The Story of Broken Vessels: Part 1 of 3

It is interesting to note that many times in Scripture when a person, chosen by God, to accomplish an often-times daunting task asks the question, “Why?” God simply answers the what. We can see this illustrated in Judges 6-8 in the life of Gideon.

When the angel of the Lord visits Gideon on the threshing room floor and begins to explain the mission that God has for him, Gideon immediately questions the angel, “But why have we not seen God’s deliverance, [here we have been enslaved and oppressed for 40 years], why have we not seen God’s mighty works that our forefathers spoke of?” The angel doesn’t skip a beat, he’s on a mission and doesn’t hesitate to let Gideon know the plan. Gideon was going to be the one to lead the Israelites into battle to defeat the Midianites, to further the job of driving the enemy out of Israel’s promised land, a territory that belonged to them but had been seized by an enemy tribe.

It should be noted that the oppression of the Midianites had become so severe that the Israelites made shelters for themselves in mountain clefts and caves–they were scared. The oppression abolished not just their rights and freedoms, but the Bible says that wherever Israelites planted their crops, the Midianites, Amalekites and other eastern peoples invaded the country. They camped on their land, ruined their crops and didn’t even spare their lifestock, they “came up…like swarms of locusts.” So much so it was impossible to count. They were defeated, surrounded and weary. And, the Lord appears to Gideon while he is threshing wheat in the winepress in order to protect his hard-earned commodity, away from the greedy enemy.

It is no coincidence that when God called Gideon to deliver Israel, He asked him first to tear down the altar built to Baal and the Asherah pole next to it and sacrifice his father’s 7-year-old bull on a new altar built to the Lord. Gideon did as he was told, but he was afraid–afraid of the men of his town and of what his family would do, while accomplishing this task. How do we know this? He did at night. Yet, that first step, that act of obedience was critical to proving that His God, the God of Abraham, Isaac and Jacob was stronger than Baal. Gideon was willing to take this first, basic step in faith.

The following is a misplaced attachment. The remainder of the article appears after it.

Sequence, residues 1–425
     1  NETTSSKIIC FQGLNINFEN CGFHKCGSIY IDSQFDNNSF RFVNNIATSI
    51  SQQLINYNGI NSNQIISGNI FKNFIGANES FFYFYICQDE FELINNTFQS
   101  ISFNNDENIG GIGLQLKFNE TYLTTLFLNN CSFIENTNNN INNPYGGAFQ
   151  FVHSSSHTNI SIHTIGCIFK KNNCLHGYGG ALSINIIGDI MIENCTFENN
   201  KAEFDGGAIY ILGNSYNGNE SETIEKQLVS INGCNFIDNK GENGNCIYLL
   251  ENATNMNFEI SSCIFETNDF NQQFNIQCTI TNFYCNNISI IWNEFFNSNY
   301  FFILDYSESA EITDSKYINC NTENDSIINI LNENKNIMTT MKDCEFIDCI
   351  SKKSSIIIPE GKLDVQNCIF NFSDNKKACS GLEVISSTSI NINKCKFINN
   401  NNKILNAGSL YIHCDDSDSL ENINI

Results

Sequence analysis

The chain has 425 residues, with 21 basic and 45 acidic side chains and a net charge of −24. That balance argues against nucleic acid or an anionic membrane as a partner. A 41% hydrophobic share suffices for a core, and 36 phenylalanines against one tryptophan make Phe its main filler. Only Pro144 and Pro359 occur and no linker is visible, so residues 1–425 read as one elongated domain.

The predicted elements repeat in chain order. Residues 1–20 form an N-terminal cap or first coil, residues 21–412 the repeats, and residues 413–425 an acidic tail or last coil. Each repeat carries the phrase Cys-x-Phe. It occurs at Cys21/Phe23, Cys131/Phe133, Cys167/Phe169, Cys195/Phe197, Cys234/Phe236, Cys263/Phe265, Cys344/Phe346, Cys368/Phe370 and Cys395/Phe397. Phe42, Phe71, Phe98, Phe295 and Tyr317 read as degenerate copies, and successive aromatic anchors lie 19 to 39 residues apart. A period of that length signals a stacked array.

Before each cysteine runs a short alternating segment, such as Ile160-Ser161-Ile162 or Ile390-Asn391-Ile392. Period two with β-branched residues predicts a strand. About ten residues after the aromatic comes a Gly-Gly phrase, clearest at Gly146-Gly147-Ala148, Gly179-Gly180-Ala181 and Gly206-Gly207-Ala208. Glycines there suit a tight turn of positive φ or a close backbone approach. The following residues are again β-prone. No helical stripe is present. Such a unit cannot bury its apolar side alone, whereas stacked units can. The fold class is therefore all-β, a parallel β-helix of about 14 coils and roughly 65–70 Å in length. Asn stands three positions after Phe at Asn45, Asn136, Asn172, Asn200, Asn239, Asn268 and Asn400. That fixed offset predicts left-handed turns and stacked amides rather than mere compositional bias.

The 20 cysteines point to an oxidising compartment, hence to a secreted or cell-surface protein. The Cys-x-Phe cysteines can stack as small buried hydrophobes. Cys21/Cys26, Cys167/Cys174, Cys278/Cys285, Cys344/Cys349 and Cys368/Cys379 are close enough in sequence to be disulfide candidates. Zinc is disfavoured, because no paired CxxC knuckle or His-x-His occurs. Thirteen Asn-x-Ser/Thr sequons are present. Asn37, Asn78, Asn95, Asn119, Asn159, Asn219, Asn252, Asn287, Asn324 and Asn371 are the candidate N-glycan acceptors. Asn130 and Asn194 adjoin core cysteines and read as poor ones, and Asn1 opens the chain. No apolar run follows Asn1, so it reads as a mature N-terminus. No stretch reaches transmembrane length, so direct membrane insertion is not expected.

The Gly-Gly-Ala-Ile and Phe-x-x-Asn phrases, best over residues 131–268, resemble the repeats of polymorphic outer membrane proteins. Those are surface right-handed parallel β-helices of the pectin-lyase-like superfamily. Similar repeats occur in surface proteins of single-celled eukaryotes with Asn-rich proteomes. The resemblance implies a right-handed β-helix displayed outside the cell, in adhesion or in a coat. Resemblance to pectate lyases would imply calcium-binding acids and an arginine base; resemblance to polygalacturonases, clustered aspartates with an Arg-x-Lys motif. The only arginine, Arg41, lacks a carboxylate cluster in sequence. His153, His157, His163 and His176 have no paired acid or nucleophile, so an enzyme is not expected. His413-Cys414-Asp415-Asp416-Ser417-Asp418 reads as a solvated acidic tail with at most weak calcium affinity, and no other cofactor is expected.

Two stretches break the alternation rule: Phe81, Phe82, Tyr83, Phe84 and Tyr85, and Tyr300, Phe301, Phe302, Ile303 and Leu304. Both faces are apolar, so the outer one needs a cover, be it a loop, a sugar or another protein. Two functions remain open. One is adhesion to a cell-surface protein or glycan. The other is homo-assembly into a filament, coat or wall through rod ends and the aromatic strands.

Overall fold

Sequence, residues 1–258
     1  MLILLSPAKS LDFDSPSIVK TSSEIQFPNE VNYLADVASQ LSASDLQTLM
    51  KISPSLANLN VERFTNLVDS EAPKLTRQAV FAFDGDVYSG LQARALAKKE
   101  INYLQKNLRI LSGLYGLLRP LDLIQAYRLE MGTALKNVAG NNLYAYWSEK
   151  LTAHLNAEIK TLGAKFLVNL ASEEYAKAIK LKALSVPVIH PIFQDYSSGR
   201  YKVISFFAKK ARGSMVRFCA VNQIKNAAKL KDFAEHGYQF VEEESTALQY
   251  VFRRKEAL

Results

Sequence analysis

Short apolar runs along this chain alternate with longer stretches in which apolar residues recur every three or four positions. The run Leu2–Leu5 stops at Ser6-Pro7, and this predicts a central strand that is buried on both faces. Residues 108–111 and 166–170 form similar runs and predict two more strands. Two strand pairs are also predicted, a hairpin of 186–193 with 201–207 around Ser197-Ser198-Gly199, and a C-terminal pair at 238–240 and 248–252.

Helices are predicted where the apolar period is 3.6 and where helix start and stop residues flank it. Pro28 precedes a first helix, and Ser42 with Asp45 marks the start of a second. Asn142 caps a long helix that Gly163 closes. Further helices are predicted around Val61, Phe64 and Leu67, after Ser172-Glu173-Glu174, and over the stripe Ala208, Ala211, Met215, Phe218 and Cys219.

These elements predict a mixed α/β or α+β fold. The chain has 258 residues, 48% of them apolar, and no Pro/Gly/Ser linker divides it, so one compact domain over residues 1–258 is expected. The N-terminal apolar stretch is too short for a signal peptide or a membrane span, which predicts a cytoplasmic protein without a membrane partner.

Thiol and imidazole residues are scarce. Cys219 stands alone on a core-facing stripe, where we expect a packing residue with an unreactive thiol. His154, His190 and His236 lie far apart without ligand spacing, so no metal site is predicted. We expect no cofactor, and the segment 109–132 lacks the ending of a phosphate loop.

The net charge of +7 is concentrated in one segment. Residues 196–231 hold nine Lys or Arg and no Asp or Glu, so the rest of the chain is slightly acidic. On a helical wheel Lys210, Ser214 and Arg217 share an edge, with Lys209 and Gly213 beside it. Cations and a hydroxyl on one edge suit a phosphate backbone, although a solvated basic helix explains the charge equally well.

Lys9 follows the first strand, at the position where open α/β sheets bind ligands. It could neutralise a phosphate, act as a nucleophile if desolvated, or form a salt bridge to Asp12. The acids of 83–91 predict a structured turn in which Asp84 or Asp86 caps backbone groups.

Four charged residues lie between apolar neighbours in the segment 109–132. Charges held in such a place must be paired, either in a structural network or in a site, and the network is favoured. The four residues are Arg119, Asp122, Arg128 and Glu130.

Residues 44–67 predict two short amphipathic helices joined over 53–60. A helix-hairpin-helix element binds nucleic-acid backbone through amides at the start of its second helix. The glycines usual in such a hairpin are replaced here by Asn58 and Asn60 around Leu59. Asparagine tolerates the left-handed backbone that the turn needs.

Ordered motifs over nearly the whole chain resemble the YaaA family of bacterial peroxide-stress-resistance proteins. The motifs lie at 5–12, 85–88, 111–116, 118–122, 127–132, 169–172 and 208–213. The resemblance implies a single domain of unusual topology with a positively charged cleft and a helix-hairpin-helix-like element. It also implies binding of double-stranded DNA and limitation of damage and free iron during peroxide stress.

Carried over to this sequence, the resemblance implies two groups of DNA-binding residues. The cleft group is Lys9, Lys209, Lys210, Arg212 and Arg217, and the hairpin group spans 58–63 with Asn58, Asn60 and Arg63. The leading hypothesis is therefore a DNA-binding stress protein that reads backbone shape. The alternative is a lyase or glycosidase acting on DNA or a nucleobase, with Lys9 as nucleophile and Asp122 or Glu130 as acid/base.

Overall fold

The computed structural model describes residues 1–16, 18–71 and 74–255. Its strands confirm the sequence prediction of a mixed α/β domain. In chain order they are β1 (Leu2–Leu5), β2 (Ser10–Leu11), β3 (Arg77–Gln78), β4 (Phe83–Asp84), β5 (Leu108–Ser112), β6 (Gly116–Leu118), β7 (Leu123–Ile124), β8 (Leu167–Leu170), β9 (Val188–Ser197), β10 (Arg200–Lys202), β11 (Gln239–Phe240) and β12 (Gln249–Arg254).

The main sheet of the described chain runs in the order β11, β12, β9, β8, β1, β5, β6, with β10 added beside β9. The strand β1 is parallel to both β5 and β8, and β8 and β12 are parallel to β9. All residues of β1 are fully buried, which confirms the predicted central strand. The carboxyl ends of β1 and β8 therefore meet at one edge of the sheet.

Just as expected, the next morning, when the people of the town discovered that their altar had been destroyed, they “carefully investigated” (Judges 6:29). They wanted to be sure that they had the right guy. They demanded his life for the altar. Yet, here is where it get heart-wrenchingly real: when these townspeople come to his father’s door, his father defends him. Remember, Gideon had no idea how this would go down and expected to see a strong reaction even out of the members of his own family. But his father becomes his defender in this and says, “If Baal really is a god, he can defend himself when someone breaks down his altar.” I can only imagine the palpable gasp from these accusers. Test of Faith #1: Pass.

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